Iranian President Hassan Rohani blamed the shootdown of the plane in part on “threats and bullying” by the United States after the killing of Soleimani. He expressed condolences to families of the victims and called for a “full investigation” and the prosecution of those responsible.

“A sad day,” Iran’s Foreign Minister Mohammad Javad Zarif tweeted. “Human error at time of crisis caused by US adventurism led to disaster. Our profound regrets, apologies and condolences to our people, to the families of all victims and to other affected nations.”

The jetliner, a Boeing 737 operated by Ukrainian International Airlines, went down on the outskirts of Tehran shortly after taking off from Imam Khomeini International Airport.

The United States and Canada, citing intelligence, said they believed Iran shot down the aircraft with a surface-to-air missile, a conclusion supported by videos verified by the Associated Press.

The plane, en route to the Ukrainian capital of Kyiv, was carrying 167 passengers and nine crew members, including 82 Iranians, 57 Canadians and 11 Ukrainians, according to officials. The Canadian government had earlier lowered the country’s death toll from 63.

“This is the right step for the Iranian government to admit responsibility, and it gives people a step towards closure with this admission,” said Payman Parseyan, a prominent Iranian-Canadian in western Canada who said he lost a number of friends in the crash.

“I think the investigation would have disclosed it whether they admitted it or not. This will give them an opportunity to save face.”

Iran’s acknowledgement of responsibility was likely to renew questions of why authorities did not shut down the country’s main international airport and its airspace after the ballistic missile attack if they feared US reprisals.

It also undermines the credibility of information provided by senior Iranian officials. As recently as January 10, Ali Abedzadeh, head of the national aviation department, said “with certainty” that a missile had not caused the crash.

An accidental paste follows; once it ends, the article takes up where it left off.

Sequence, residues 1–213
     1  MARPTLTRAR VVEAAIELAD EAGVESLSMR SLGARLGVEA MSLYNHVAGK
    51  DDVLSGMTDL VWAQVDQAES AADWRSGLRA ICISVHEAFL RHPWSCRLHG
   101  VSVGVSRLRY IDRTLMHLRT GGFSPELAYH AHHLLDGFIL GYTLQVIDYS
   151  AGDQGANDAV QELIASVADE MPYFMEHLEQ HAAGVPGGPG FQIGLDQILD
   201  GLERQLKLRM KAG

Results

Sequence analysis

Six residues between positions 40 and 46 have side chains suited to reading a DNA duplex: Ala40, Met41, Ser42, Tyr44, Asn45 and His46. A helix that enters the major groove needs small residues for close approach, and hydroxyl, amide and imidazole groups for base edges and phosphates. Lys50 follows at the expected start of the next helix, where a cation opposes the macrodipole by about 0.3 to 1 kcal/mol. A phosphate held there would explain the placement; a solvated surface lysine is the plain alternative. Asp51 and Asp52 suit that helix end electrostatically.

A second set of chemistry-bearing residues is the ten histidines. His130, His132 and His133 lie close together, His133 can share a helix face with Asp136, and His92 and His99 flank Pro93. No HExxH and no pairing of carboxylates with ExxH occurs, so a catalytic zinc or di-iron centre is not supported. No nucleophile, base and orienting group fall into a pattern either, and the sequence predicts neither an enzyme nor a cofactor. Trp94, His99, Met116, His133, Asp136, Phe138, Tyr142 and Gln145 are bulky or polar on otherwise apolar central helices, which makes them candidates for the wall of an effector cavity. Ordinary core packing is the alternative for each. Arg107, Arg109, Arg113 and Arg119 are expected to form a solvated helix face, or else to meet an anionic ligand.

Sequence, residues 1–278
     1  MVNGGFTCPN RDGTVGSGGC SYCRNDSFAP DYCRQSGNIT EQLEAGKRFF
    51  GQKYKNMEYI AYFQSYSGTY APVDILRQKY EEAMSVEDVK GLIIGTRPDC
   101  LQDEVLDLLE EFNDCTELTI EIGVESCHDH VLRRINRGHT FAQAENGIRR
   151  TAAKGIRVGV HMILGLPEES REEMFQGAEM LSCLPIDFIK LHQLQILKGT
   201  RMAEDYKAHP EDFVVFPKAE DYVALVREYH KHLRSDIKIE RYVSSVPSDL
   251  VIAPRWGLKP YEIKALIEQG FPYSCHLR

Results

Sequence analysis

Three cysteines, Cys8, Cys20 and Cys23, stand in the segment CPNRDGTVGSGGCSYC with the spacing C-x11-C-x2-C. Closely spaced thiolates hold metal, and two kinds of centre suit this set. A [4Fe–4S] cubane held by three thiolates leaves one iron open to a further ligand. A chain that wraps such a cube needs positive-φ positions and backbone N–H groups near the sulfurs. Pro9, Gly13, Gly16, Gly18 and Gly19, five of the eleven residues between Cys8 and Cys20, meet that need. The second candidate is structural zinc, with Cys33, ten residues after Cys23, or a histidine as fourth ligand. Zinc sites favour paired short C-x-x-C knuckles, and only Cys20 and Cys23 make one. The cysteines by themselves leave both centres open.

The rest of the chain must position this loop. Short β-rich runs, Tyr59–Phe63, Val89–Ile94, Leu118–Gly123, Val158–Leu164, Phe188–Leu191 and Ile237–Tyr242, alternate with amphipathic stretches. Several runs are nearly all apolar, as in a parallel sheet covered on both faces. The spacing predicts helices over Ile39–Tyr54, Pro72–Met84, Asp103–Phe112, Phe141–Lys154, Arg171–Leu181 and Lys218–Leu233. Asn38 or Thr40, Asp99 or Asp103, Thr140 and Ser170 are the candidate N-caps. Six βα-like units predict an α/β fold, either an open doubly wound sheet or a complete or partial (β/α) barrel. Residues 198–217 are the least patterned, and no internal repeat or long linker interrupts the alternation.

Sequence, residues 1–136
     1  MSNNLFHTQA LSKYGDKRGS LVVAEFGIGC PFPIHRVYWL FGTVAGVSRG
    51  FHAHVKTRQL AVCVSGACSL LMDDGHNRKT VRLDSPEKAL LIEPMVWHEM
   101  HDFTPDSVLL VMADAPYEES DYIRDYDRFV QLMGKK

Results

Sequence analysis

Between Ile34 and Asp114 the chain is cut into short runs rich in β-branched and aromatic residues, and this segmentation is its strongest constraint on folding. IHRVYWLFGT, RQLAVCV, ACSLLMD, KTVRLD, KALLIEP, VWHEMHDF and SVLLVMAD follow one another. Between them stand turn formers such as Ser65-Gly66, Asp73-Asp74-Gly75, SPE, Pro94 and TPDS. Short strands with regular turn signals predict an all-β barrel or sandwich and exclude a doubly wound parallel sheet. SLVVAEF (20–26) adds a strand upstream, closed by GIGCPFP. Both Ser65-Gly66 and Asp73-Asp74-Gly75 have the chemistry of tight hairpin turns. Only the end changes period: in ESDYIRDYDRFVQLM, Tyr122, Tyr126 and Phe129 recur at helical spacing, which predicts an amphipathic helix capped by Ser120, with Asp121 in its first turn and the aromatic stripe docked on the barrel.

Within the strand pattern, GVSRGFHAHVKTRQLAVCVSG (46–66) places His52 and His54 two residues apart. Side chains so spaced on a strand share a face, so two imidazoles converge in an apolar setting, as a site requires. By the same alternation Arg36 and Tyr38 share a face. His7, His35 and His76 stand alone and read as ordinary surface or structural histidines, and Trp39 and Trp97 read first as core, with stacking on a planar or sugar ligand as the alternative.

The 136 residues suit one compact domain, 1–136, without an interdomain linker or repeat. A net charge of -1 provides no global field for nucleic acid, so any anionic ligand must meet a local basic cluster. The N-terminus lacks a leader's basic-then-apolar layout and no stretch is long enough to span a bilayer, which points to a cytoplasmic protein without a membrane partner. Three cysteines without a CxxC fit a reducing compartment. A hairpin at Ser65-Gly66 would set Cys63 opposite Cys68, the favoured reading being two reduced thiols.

Iran had invited Ukraine, Canada, the United States and France to take part in the investigation of the crash, in keeping with international norms. The Boeing 737 was built in the United States and its engines were built by a US-French consortium.

Zelensky said Ukraine’s investigators, already in Iran, should continue their work with “full access and cooperation.”

Hajizadeh said the pilot and crew of the passenger plane had done nothing wrong and that the armed forces alone were responsible.

The semi-official Fars news agency reported that Khamenei on the morning of January 10 had ordered top security officials to review the crash and announce the results.

“If some individuals, in any position, were aware of the issue but made statements contradicting the reality or hid the truth for any reason, they should be named and tried,” said Fars, which is close to the IRGC.

Others speculated that the security forces may have concealed information from civilian authorities.

“Concealing the truth from the administration is dreadful,” Mohammad Fazeli, a sociology professor in Tehran, wrote on social media. “If it had not been concealed, the head of civil aviation and the government spokesmen would not have persistently denied it.”

“Concealing the truth for three days is dangerous,” he added.